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It is ok to say "I have been buying cakes at this shop for 10 years"? because I can buy cakes many times at that shop.

But what about buying just 1 thing?

is it wrong to say "I have been buying this house for 10 years"?

Case 1: I paid off the house price completely 10 years ago.

Case 2: I have paid the house price by installment since 10 years ago until now.

Can that sentence be right in any cases?

  • "I have been buying this house for 10 years" might sort of describe a mortgage, but nobody phrases it that way. "Buying the house" refers to the sales transaction in which title transferred from the seller to you. Since then, you have been paying off a loan, not really buying a house. Your case 2 isn't normally how a house is purchased. There is sometimes a "rent with the option to buy" arrangement, where part of your rent goes towards an eventual purchase, but that isn't really installments. (cont'd) – fixer1234 Mar 31 '17 at 6:57
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    A mortgage is the typical transaction; you borrow money as a loan that you pay back after you have title to the house. Because buying a house involves transfer of the title, the only way you could buy in installments would be some private arrangement between you and the seller. Case 1 would not describe your title question. Case 2 has some grammatical errors, but it is basically consistent with the idea expressed in the title. Your new sentence about cakes is fine. – fixer1234 Mar 31 '17 at 6:57
  • Recurrent purchases aside, the only contexts in which we would use the word buying to refer to a single purchase transaction would be one that was tongue-in-cheek, for example, if regulatory issues regarding monopolies should cause the purchase of a major corporation to drag out over several years: Global Hegemony Inc has been buying Acme Corporation for several years now; or if we're expressing an intention: I'm buying a new car when I've saved up enough money. Where is she buying her car? -- From the dealership in Springfield. – Tᴚoɯɐuo Mar 31 '17 at 14:07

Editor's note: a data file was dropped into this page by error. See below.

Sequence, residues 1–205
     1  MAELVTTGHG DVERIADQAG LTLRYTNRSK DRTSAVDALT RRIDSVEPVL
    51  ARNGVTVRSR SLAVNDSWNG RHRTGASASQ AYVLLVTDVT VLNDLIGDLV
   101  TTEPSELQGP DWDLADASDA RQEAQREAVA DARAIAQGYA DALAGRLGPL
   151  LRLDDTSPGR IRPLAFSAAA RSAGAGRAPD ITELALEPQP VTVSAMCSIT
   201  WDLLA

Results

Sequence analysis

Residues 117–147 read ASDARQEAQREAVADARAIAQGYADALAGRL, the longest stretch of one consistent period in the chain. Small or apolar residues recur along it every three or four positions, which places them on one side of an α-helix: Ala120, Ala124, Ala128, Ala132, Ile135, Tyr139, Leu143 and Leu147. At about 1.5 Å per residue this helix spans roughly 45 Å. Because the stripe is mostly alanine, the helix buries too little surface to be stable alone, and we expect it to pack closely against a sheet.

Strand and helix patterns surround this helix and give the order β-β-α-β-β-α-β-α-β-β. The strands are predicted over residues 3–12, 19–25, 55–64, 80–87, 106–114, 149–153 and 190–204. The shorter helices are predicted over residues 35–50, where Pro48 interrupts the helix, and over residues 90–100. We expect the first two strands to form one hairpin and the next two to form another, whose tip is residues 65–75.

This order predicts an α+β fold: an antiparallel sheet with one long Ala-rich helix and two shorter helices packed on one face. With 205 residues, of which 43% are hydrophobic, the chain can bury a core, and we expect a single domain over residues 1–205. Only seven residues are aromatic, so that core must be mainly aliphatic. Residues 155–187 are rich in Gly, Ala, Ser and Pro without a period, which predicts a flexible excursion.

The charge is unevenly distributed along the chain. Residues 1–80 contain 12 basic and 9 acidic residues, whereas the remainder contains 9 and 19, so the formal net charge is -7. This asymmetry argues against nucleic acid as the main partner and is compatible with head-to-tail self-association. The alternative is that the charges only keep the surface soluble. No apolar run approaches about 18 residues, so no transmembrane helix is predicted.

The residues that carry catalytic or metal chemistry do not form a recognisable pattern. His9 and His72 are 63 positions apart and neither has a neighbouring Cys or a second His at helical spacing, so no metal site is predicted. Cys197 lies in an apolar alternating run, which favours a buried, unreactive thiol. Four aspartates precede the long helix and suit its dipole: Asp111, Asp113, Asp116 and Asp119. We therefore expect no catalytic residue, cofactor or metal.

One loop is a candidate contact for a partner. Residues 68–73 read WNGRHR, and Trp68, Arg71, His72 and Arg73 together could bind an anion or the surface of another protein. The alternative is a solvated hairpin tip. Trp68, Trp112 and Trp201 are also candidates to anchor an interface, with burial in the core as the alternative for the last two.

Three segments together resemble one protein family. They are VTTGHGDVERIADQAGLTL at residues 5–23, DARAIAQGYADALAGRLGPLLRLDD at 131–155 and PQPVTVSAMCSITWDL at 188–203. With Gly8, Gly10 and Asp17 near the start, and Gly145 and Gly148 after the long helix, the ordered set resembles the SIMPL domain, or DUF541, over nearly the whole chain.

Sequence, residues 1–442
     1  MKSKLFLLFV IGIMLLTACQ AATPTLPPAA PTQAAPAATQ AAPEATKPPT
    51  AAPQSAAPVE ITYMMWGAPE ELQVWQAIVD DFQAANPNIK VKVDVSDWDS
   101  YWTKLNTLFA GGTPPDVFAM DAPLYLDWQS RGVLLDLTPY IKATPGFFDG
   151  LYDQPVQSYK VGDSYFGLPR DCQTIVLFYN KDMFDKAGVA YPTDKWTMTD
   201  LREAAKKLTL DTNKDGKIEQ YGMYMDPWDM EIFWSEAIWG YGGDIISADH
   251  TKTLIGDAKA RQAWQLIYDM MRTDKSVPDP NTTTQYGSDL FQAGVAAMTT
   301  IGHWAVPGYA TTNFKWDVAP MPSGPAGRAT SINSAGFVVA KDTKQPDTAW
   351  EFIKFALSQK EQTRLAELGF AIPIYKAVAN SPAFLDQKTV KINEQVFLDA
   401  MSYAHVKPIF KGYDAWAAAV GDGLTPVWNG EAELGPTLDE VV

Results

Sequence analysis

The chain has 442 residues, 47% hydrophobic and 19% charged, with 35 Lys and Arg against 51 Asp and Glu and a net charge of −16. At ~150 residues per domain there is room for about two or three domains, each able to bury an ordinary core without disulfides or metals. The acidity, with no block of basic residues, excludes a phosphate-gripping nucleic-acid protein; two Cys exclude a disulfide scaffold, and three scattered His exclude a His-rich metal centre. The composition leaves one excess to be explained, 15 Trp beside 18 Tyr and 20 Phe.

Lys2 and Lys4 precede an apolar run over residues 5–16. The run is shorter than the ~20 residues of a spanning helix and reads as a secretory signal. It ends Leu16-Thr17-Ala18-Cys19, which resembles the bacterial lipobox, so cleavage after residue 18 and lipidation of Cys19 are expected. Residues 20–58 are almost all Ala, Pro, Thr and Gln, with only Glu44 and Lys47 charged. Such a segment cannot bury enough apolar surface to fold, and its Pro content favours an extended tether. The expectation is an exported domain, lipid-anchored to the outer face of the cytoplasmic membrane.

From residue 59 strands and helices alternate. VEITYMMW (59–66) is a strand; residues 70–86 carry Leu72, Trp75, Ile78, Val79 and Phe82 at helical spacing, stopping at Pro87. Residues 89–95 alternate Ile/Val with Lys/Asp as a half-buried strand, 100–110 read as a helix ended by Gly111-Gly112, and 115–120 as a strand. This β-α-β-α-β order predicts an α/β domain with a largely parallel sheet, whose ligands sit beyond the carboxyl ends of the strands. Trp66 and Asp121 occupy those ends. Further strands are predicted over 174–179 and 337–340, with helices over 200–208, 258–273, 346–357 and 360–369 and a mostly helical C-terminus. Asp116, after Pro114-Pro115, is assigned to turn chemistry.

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Buying is seen as an event rather than a continuous activity, so you can't use present perfect continuous in relation to buying a single house. You could use it if you were professionally involved in the purchase of houses, even though it's a number of separate activities over a long period of time:

I have been buying houses for 10 years

When you want to describe the purchase of your own house, you would use past simple to describe the purchase, and present perfect continuous to describe the payment by instalments:

I bought this house ten years ago and I have been paying for it ever since

  • But it is ok to say "I have been buying cakes at this shop for 10 years" – Tom Mar 31 '17 at 6:54
  • Certainly. Whether it's cakes or (as in the case of the professional house buyer) houses, if you are talking about a number of separate purchases over a long period of time, you can and should use present perfect continuous. – JavaLatte Mar 31 '17 at 7:00

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